Released: 1960 (Columbia)
    Line up: Miles Davis (trumpet), Paul Chambers (bass), Jimmy Cobb (drums), Elvin Jones & Jose Mangual (percussion) + Danny Bank (bass clarinet), Bill Barber & Jimmy McAllister (tuba), John Barrows, Earl Chapin, Joe Singer, Tony Miranda & James Buffington (French horn), Albert Block & Eddie Caine (flute), Johnny Coles, Taft Jordan, Louis Mucci, Ernie Royal & Bernie Glow (trumpets), Harold Feldman (clarinet), Dick Hixon & Frank Rehak (trombone), Jack Knitzer (bassoon),  Romeo Penque (oboe), Janet Putnam (harp)
    Key Track: Concierto de Aranjuez

  7. Straight, No Chaser

    Not to be confused with the Monk album of the same name (released a year later), this Joe Henderson record sees Chambers back in the studio with the classic Miles Davis rhythm section from Freddie Freeloader.

    Released: 1968 (Verve)
    Line up: Joe Henderson (tenor saxophone), Wynton Kelly (piano), Paul Chambers (bass), Jimmy Cobb (drums)
    Key Track: Days of Wine & Roses

  8. Soul Station

    One of the best hard bop albums of all time and arguably bandleader Hank Mobley’s more famous recording.

    Released: 1960 (Blue Note)
    Line up: Hank Mobley (tenor sax), Wynton Kelly (piano), Paul Chambers (bass), Art Blakey (drums)
    Key Track: This I Dig of You

  9. Art Pepper Meets the Rhythm Section

    Paul Chambers showcases his versatility by appearing on this brilliant record by cool school alto saxophonist Art Pepper.

    Released: 1957 (Contemporary Records)
    Line up: Art Pepper (alto saxophone), Red Garland (piano), Paul Chambers (bass), Philly Joe Jones (drums)
    Key Track: You’d Be So Nice To Come Home To

  10. Tenor Madness

    Renowned as the only recording of Sonny Rollins and John Coltrane together.

    Released: 1956 (Prestige)
    Line up: Sonny Rollins (tenor saxophone), John Coltrane (on Tenor Madness only), Red Garland (piano), Paul Chambers (double bass), Philly Joe Jones (drums)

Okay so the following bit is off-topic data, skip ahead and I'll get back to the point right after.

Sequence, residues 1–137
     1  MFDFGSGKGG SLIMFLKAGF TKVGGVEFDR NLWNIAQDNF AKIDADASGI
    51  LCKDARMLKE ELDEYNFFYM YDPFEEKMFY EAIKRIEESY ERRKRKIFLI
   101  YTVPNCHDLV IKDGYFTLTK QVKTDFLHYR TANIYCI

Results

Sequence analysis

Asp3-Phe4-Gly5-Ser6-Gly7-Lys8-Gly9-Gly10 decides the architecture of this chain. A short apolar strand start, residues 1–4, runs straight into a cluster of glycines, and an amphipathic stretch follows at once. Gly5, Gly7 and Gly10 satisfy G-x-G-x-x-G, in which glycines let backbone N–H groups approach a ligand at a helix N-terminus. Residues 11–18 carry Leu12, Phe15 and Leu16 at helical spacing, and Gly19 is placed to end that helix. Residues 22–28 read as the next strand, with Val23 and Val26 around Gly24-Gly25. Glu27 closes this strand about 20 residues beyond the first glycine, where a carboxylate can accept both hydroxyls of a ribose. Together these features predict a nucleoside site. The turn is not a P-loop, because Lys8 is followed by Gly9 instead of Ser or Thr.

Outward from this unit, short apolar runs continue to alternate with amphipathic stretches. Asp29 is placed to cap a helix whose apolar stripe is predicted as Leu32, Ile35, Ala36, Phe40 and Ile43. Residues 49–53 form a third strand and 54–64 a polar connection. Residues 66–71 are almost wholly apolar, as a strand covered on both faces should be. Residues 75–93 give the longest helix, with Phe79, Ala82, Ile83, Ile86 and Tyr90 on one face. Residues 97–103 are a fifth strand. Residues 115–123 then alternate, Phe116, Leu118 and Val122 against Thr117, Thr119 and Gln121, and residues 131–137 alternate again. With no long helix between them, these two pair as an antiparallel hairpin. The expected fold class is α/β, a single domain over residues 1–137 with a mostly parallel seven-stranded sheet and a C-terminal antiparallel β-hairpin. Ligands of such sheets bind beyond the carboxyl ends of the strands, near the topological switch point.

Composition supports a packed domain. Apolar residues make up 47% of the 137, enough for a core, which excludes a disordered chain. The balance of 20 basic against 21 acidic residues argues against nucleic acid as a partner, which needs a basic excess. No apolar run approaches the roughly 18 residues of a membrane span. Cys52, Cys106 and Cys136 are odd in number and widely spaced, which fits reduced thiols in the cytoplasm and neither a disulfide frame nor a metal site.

Key Track: Tenor Madness

  11. Kind of Blue

    Possibly the most famous jazz album of all time – and certainly a turning point in the birth of modal jazz – Chambers gets the record started with that now-famous bassline from So What.

    Released
    : 1959 (Columbia)
    Line up: Miles Davis (trumpet), John Coltrane (tenor sax), Cannonball Adderley (alto sax), Bill Evans (piano, except Freddie Freeloader), Wynton Kelly (piano, Freddie Freeloader), Paul Chambers (bass) and drummer Jimmy Cobb (drums)
    Key Track: So What

     

NEXT:
Iconic Kenny Wheeler albums

So that’s our 10 top picks from the legendary bassist Paul Chambers – I hope you enjoyed reading and listening as much as we enjoyed putting it together!

Of course, it’s by no means a comprehensive list and we’re open to amending it if anyone posts a super convincing argument in the comments section here as to which one should be added – and in place of what…

You probably noticed that many of his great albums featured John Coltrane on saxophone; you can check out our feature on Coltrane here.

And lastly, if you’re a jazz bass player and want to get deeper into the lines and solos of Paul Chambers, you can find some transcriptions in “The Bass Tradition by Todd Coolman” which we included in this list of best books to learn jazz & improvisation.